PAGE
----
Over the past week, strict gun laws in Connecticut have been repeatedly touted on CNN as an example to be enacted nationally, with New Day host Alisyn Camerota pushing the laws the most frequently. The simplistic narrative has been promoted that there has been a "direct correlation" between the passage of new gun control in 2013 and lower numbers of homicides and violent incidents seen in the state the years since. But no mention has been made of the fact that two of the three most populous cities in Connecticut experienced a doubling of homicides in 2017 meaning that, after the numbers for the entire state are tallied, there will likely be a substantial increase in the state's total number of homicides from the previous year's levels.


On Tuesday's New Day, CNN host Alisyn Camerota not only did her part to spread misinformation about how easy it is to purchase an AR-15, but she also defended liberal activist Cameron Kasky's decision to demonize the NRA as a "terrorist organization," suggesting that "calling out the NRA" in such a way "might be effective." She also got into an unusually heated debate with conservative CNN contributor Jack Kingston as she badgered and repeatedly showed derision toward the former Republican congressman's conservative views on guns.


On Tuesday's Early Start, there was one more example of the contempt that journalists have for the NRA as CNN anchor Dave Briggs praised gun control activist Cameron Kasky as "an eloquent young man" after a clip of the liberal student activist pushing for more gun control in which he in part ranted that the NRA is a "terrorist organization" that gives "blood money" to politicians.

 


Tuesday at the Louisville Courier Journal, part of Gannett's USA Today network, two reporters claimed that whoever vandalized a prominent billboard in that city to read "Kill the NRA" had "called out" the gun-rights group. David Harten and Darcy Costello never described the billboard as what it was while it was briefly visible: a violent threat.


On New Day Sunday, as the show touted the group of liberal students holding a rally to promote gun control in response to the Florida school shootings, CNN correspondent Rosa Flores at one point repeated without question the claim by one student that it is "more difficult" to "plan for a weekend" than it is to get an "automatic weapon or semi-automatic weapon." 

 


On New Day Saturday, CNN anchor Victor Blackwell gave a group of five students from Marjory Stoneman Douglas High School a forum with little pushback to not only advocate more gun control, but to accuse Republicans of being the ones who "murdered" the victims at their school in Parkland, Florida. CNN even used a clip of one student repeating discredited claims that "There's been 18 mass shootings in schools this year," as she complained that "I didn't hear about them."


On Thursday, several MSNBC anchors at various times of day were fixated on how NRA spending had benefited a number of prominent Republican political figures who had tweeted out sentiments regarding "thoughts and prayers" after the Florida shootings. After MSNBC host Stephanie Ruhle first raised the issue Thursday morning and spent almost three minutes listing and showing images of nine Republicans who had benefited from NRA spending, fellow hosts Katy Tur, Ali Velshi and Brian Williams followed her lead later in the day anchoring their regular shows.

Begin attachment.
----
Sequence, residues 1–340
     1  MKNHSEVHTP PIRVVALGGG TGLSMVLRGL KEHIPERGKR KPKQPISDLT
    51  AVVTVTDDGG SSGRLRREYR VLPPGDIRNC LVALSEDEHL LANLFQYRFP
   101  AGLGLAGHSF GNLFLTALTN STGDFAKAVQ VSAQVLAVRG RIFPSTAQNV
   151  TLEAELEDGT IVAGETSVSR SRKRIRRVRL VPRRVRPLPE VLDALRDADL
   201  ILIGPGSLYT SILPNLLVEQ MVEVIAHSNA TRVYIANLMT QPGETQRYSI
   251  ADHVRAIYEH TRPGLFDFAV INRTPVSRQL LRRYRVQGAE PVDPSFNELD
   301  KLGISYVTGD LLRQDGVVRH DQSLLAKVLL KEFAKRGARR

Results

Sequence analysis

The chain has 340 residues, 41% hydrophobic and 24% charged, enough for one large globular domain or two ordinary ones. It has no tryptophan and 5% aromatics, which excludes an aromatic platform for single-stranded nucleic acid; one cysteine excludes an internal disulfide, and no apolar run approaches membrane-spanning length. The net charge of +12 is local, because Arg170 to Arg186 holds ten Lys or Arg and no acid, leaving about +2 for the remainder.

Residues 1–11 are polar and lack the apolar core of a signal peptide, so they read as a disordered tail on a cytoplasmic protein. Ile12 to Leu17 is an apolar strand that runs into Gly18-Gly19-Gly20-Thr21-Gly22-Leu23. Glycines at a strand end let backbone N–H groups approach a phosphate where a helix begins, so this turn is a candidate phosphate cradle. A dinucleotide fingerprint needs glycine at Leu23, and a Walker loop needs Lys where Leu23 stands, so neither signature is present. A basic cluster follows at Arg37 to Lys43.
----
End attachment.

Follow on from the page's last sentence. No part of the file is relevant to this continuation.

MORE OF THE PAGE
On Thursday's Velshi and Ruhle on MSNBC, as the entire show was devoted to the school shootings in Florida, host Stephanie Ruhle repeatedly mocked opponents of gun control as she listed nine prominent Republicans on screen who have tweeted condolences for the victims with the MSNBC host noting how much money the NRA has spent supporting each of them. She went on to declare that a hunter who needs an AR-15 to hit a target must be a "lousy loser" and then seemed to make a veiled hint that those who resist new gun laws are "jerks."

 


On Wednesday, a Global Opinions Editor at the Washington Post praised the work of Christopher Steele as "extraordinarily prescient," created by a man who "had stumbled onto a breathtaking threat to U.S. national security." Accordingly, Steele, per the headline at Christian Caryl's opinion piece, "is a hero – and Americans owe him their thanks" — a Four-Pinocchio claim by the Post's own standards.


Today's story out of Miami occupies the sweet spot in the Venn diagram comprised of Univision's anti-Catholicism and its strident LGBTQ advocacy, far from the mainstream of the network's viewership. The network pulled off a neat trick- casting aspersions on longstanding religious freedom protections while slyly advocating for the proposed law that would destroy them.


On Friday, CNN's Evan Perez insulted Congress as people who "don’t have any idea how the law works" relating to surveillance, claiming that "grave harm ... was done by the release of the Republican (Nunes) memo even though it was a dud." How interesting, given that Perez knows, because he reported it in 2013, that Obama administration committed abuses serious enough to warrant an October 2011 FISA Court rebuke. Additionally, the now-FBI-defending Perez should know that in October 2016, the Obama administration admitted that it never changed its ways.


A tale of two speeches: On Thursday, the New York Times Sheryl Gay Stolberg celebrated House Minority Leader Nancy Pelosi’s marathon speech, “8 Hours, 7 Minutes and 1 Pelosi Soliloquy.” While not wholly laudatory, Stolberg fawned over Pelosi’s "heart-rending" defense of the so-called Dreamers. Sen. Rand Paul also delivered a delaying tactic of a speech, but Rand isn't nearly so highly regarded at the Times, accused of "bemoaning" and "sloganeering."